Tuesday's Russian press review

This Tuesday Russian newspapers predict new U.S. and European sanctions against Iran, attempt to see beyond the immediate in world finance and report on further anti-crisis steps by major world players. Here is the review of several publications:

NEZAVISIMAYA GAZETA says the U.S. and some European countries are discussing new financial and broader economic sanctions against Iran. Their goal, writes the paper, is to pressurise Iran into discontinuing its uranium enrichment program. The paper says the U.S. and their allies are again trying to bypass the UN as they are convinced that at this stage Russia and China will block any anti-Iran initiative. Meanwhile, says the paper, the U.S. wants some sanctions in place before the New Year and obviously before the Iranian general election scheduled for 2009.

KOMSOMOLSKAYA PRAVDA publishes a report from Nagorno-Karabakh saying that as the conflict between ethnic Armenians and Azerbaijanis in Karabakh was historically the first post-Soviet ethnic conflict in the Caucasus, its importance today is on the rise. The paper says that after the six-year war the conflict entered the current ‘frozen’ stage. But it has the potential to ‘heat up’ again if something wrong is done by one of the major powers pursuing their own interest in the region: the U.S., Iran, Turkey and Russia.

There is a comment attached to the report. It is written by Professor Andrey Manoylo of 
the Diplomatic Academy of the Ministry of Foreign Affairs. The academic writes that with NATO’s drive to expand in the Caucasus, U.S. or NATO involvement in the frozen Karabakh conflict is extremely dangerous. He says Russia and Iran are in a much better position to achieve permanent peace between the unrecognised republic of Nagorno-Karabakh and Azerbaijan than NATO. Turkey, however, in spite of being the closest NATO member to the region, should be excluded from the process because no Armenians – in Armenia as well as in Karabakh, France, the UK or the U.S. – can forgive Turkey the Armenian genocide in the beginning of the 20th Century.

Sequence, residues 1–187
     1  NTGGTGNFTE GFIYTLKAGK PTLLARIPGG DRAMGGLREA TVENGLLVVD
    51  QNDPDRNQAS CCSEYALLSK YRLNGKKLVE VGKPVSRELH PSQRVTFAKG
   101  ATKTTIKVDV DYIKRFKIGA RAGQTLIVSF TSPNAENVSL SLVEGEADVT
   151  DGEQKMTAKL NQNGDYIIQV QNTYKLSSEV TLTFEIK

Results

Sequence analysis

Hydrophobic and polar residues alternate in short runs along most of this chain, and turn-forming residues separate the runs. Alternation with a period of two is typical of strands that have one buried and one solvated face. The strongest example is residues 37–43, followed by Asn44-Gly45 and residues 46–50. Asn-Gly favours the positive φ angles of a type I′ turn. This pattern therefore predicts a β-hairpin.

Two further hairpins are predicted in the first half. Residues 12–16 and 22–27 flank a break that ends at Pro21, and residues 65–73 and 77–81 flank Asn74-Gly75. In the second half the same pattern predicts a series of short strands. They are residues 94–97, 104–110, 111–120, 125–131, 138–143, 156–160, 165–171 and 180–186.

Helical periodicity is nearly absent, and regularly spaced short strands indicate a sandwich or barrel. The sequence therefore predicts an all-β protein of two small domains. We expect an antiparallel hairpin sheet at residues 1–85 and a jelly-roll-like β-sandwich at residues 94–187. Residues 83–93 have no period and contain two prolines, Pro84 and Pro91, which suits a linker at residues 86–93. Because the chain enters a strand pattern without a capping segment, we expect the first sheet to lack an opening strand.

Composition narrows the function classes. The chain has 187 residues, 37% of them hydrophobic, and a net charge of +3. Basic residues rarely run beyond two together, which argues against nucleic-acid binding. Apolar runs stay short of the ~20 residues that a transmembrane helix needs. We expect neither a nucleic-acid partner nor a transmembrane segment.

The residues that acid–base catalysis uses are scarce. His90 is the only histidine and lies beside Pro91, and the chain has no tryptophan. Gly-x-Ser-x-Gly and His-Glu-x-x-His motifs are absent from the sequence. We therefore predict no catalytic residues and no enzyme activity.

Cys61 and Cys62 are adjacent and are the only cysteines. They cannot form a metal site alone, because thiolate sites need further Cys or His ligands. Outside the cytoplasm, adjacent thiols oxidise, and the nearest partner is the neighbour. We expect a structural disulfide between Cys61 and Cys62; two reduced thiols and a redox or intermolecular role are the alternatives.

IZVESTIA looks into the programme of building new aircraft carrying cruiser ships that Russia is adopting after President Medvedev’s announcement several days ago. The paper says the programme was not born last week. The first Russian cruiser ships with aircraft carrying capability were built in the 1980s and 1990s. However, a lack of money prevented this programme from its natural course and finally it was abandoned, only to be restored in full and with a vengeance in 2008. It is due to be completed in 2015.

The paper highlights the difference between a U.S. aircraft carrier and Russian aircraft-carrying cruiser. The former is a basically floating flight deck with hangars for the aircraft and barracks for pilots and marines. The latter is a slightly smaller ship with fewer aircraft on board but heavily armed with missiles, both strategic and tactical, plus a strong anti-aircraft capability. The result is that a U.S. carrier cannot travel without its support group while a Russian cruiser is capable of conducting combat operations alone.

VREMYA NOVOSTEI. Under the headline ‘The Sense of Foreign Debt’ the paper writes that government support money will go first of all to those companies and banks indebted to foreign creditors who participate in government-sponsored programmes and maintain their own social security-oriented programs, as well as those who are abstaining from massive downsizing and personnel cuts. The paper says that the majority of Russia’s biggest enterprises fit that profile, but some don’t and their fate is now hard to predict.

ROSSIYSKAYA GAZETA publishes an opinion by Yevgeny Primakov, the Head of the Russian Chamber of Commerce and former Prime Minister. He said at a conference organised by the Chamber yesterday that now it is time for the government and government-sponsored funds to purchase the shares and obligations of Russian companies indebted to foreign creditors, especially those in which the state already owns stock and those in which Russia cannot afford a transfer of ownership to a foreign entity.

Evgeny Belenkiy, RT.